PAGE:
Booklist has a nice review:
Death at Hull House.
McNamara, Frances (Author)
Dec 2009. 264 p. Allium, paperback, $14.99. (9780984067602).
In the late-nineteenth century, after Emily Cabot is expelled from the University of Chicago for actions
occurring while clearing a man unjustly accused of murder, she obtains a position at Hull House, assisting
Jane Addams in the operation of the famous settlement house for immigrants on the West Side of Chicago.
Soon after she moves in, a man who had come to see her is found bludgeoned to death. Concerned that her
younger brother may be involved, Emily launches her own investigation. Meanwhile, her brother,
convinced that the man who murdered their father has fled to Chicago, does some sleuthing of his own.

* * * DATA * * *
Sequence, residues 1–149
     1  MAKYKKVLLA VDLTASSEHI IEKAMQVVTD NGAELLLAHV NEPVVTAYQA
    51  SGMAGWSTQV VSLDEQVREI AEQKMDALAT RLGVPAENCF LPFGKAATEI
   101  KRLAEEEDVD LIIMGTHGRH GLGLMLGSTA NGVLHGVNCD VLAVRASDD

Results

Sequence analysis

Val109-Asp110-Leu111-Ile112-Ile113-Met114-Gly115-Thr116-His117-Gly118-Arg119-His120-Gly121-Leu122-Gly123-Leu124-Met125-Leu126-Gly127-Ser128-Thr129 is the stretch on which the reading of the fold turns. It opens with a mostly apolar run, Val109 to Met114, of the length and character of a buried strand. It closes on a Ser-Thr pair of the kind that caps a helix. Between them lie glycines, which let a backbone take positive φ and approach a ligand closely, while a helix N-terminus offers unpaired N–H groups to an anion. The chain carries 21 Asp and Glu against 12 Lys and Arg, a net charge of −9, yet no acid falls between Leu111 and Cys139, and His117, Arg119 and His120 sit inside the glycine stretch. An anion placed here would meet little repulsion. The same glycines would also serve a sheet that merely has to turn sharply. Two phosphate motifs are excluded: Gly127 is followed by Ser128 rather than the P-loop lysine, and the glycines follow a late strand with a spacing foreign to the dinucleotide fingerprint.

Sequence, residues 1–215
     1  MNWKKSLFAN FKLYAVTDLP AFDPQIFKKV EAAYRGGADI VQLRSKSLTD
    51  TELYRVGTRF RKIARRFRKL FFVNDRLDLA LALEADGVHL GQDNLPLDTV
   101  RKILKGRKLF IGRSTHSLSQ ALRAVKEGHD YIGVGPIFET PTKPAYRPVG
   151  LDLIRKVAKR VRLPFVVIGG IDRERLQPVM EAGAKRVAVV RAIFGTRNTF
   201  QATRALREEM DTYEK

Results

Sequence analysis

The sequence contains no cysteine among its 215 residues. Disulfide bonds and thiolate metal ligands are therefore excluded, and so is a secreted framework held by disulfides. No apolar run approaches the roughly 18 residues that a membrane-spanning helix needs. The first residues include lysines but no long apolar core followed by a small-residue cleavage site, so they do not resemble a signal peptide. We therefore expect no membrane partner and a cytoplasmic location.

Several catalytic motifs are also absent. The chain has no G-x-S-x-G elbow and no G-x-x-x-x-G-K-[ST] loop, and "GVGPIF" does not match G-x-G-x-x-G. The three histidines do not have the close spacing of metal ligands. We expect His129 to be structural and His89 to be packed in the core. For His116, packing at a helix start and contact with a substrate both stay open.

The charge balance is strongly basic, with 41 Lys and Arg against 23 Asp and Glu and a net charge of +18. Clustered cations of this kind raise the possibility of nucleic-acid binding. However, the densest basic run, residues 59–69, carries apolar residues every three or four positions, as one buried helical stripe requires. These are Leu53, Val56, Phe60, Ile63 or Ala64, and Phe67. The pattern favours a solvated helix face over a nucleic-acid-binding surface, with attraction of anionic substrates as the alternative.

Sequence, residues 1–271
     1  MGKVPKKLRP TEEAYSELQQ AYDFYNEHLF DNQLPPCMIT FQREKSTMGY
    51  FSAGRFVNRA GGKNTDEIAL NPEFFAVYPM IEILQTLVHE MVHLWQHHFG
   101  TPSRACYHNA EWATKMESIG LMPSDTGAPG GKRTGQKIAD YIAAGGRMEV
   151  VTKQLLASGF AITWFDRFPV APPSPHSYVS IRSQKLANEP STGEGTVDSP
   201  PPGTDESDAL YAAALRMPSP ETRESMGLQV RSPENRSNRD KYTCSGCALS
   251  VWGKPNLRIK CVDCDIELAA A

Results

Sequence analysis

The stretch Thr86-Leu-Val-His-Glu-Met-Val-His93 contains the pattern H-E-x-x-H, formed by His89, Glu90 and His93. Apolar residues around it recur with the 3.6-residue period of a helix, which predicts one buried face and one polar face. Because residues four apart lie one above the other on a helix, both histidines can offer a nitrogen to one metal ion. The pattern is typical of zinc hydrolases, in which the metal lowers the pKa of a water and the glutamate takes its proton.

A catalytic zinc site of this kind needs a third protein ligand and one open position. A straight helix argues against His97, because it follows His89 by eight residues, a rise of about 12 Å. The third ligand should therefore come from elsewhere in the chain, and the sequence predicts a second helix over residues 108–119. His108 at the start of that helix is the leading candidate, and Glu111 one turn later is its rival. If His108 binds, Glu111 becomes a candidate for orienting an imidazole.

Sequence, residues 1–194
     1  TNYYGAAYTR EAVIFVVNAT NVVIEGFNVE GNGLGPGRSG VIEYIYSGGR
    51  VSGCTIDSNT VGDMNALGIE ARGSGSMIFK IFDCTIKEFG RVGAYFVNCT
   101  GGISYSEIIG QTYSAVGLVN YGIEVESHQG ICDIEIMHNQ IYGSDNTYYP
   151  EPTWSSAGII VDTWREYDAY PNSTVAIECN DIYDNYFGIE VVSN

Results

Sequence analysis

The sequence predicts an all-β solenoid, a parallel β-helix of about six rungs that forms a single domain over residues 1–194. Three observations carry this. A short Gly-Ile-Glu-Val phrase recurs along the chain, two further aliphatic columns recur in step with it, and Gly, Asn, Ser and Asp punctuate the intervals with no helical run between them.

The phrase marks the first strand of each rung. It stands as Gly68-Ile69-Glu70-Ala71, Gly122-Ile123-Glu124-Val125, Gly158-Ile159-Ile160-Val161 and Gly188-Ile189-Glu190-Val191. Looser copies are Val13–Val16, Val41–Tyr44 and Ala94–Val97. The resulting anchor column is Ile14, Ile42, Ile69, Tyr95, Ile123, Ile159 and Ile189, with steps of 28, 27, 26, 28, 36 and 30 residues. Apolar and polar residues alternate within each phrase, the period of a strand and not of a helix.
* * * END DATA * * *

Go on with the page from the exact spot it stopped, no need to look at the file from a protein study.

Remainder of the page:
Details concerning the operation and the people of Hull House, along with an overview of the deplorable
living conditions faced by immigrants (and the lack of concern for the poor expressed by the city’s
businessmen and politicians) give this novel a rich historical framework, made all the more poignant by
the portrayal of the smallpox epidemic of 1893. McNamara’s historical mystery will appeal to those who
enjoyed Ann Stamos’ Bitter Tide (2009), about the immigrant experience in New York City.
— Sue O’Brien